The keyword here is “roles” in the organization. This is important to understand because even large organizations will have a similar set of roles as smaller organizations. Also, every organization will have a similar number of safety responsibilities. The outcome of these facts is that documentation of safety accountability and authority will be similar in scope for large and small organizations.
3 – Designation and Responsibilities of Required Safety Management Personnel
While the requirement is called “management personnel,” the first two parts of the Part 5 requirement for this element deals with the accountable executive. In fact, the Part 5 requirements don’t seem to indicate any needed output needed by the certificate holder, but rather simply outline how the FAA understands the accountable executive’s role in the SMS program:
- Is the final authority of safety operations;
- Controls financial resources;
- Controls human resources; and
- Is ultimately responsible for safety performance.
The accountable executive’s responsibility for these items is:
- Ensure implementation of the safety management system;
- Develop the safety policy;
- Communicate the safety policy;
- Review the safety policy to ensure that it’s current; and
- Review safety performance.
It would be a good idea to include in the safety policy statement how the accountable executive will fulfill these duties.
3.1 – Designation and Responsibilities of Management
Part C of this element of Safety Policy is to ensure that needed safety elements have enough manpower to oversee them. In other words, that there are enough management personnel to do what needs to be done.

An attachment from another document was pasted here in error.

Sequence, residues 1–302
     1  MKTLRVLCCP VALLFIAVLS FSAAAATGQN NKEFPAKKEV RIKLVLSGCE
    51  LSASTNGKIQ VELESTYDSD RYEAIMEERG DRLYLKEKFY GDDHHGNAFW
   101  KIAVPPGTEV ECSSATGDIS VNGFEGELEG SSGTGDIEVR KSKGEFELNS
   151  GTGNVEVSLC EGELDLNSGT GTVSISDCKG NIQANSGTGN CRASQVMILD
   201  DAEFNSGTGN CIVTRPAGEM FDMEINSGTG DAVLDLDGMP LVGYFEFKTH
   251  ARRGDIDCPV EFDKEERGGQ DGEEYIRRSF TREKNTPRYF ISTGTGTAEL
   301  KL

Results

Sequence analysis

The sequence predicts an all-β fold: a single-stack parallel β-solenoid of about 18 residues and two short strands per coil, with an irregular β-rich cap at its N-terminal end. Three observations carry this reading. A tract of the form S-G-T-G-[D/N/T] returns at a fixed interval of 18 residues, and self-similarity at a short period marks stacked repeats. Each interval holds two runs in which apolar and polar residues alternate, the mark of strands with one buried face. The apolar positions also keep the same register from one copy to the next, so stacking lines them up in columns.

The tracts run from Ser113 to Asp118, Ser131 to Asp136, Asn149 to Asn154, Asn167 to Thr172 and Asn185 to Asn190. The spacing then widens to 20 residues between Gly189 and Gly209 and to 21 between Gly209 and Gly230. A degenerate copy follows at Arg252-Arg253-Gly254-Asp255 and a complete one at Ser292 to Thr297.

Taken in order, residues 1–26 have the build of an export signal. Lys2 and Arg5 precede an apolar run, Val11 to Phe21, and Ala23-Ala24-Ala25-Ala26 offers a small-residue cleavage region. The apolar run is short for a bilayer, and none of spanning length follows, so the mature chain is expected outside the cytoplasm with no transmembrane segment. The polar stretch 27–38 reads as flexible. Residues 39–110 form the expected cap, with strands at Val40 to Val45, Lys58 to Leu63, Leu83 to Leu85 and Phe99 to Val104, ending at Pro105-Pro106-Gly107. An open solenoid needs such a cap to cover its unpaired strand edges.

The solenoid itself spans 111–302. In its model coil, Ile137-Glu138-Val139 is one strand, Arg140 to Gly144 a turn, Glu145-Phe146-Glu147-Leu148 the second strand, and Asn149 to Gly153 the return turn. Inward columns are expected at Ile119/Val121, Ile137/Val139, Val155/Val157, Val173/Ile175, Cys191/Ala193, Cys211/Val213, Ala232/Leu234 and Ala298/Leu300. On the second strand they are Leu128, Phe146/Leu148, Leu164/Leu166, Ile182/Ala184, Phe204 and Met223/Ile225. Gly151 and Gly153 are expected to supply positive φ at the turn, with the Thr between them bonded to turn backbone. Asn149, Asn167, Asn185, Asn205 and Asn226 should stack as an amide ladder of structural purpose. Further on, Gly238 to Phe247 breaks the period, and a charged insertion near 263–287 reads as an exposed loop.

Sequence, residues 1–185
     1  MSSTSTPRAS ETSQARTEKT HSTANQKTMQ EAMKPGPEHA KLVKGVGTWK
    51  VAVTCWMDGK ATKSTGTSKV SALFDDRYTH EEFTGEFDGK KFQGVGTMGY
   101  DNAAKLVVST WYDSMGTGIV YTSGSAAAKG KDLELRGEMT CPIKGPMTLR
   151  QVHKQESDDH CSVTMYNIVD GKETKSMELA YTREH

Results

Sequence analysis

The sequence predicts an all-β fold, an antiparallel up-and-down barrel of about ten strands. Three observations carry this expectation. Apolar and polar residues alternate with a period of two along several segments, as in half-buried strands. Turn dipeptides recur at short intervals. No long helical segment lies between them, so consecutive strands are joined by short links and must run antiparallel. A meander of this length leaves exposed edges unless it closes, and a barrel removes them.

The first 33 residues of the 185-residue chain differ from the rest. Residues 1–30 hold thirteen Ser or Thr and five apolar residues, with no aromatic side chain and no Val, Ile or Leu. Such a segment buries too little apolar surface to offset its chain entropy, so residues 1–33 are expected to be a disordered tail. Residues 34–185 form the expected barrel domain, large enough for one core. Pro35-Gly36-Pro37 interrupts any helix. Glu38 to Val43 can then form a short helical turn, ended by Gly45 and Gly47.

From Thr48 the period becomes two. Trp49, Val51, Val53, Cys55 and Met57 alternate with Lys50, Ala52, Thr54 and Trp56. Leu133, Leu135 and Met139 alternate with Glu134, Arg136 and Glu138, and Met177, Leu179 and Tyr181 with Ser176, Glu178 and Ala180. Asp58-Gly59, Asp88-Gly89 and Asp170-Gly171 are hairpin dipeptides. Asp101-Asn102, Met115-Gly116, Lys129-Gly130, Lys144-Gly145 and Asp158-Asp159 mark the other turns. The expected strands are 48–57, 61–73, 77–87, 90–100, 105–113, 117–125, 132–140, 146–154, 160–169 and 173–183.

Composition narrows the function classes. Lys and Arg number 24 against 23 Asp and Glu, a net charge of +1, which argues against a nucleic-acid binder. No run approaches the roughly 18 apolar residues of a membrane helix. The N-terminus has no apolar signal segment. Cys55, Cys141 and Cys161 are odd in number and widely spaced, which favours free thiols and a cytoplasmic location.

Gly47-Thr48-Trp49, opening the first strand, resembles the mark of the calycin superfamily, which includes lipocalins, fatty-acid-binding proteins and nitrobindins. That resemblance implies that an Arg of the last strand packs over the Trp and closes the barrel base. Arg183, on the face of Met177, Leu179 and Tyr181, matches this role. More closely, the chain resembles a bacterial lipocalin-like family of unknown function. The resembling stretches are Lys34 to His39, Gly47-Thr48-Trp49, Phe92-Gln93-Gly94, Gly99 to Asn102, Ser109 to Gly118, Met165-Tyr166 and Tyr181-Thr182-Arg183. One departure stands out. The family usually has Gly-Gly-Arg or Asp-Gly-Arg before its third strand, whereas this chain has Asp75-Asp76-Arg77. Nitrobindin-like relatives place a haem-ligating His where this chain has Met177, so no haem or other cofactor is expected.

While it seems an obvious activity, documenting who is doing what in the safety program is an excellent way of ensuring that a single role is not overloaded/underloaded with duties. This element requires that the following activities are designated to other managerial roles:
- Coordination of implementation, maintenance, and integration of SMS;
- Facilitate hazard identification and risk analysis;
- Monitor the effectiveness of risk controls;
- Ensure safety promotion throughout your organization; and
- Regularly report to accountable executive with safety performance information.
Remember that while the accountable executive is “responsible” for the above activities, that does not mean he/she needs to “carry the out.” It only means that he/she oversee their status.
4 – Emergency Response Planning (ERP)
The last element of the Safety Policy pillar in FAA Part 5 requirements is emergency response planning (5.27). This requirement is fairly straightforward. Aviation service providers like airlines and airports should develop emergency procedures that:
- Identify the authority of any given emergency type (a good idea is to also include each authority's contact information);
- Includes role-responsibility during a given emergency, such as the responsibilities of pilots, cabin crew, etc. during a flight emergency; and
- Ensure that your ERP does not conflict with the ERPs of other organizations that you interact with.
The last point requires that you do some legwork by contacting other organizations that you interact with, reading through their ERP, and ensuring that yours doesn't conflict with theirs.
Beyond this, you can create an emergency response plan and document it in a binder. Just makes sure that for compliance your ERP includes:
- Each type of emergency, such as Fire, Bomb Threats, etc.;
- Specific emergencies within that type, such as Hangar Fire, Airport Fire, Gas Fire, etc.;
- Authority(s) plus contact information to contact in each specific emergency;
- What the duties and responsibilities of each role are during each specific emergency; and
- SMS procedures that are relevant to each specific emergency.
For more information about FAA compliance, you will find these ebooks on FAA Part 5 compliance valuable:
Published September 2017. Last updated April 2019.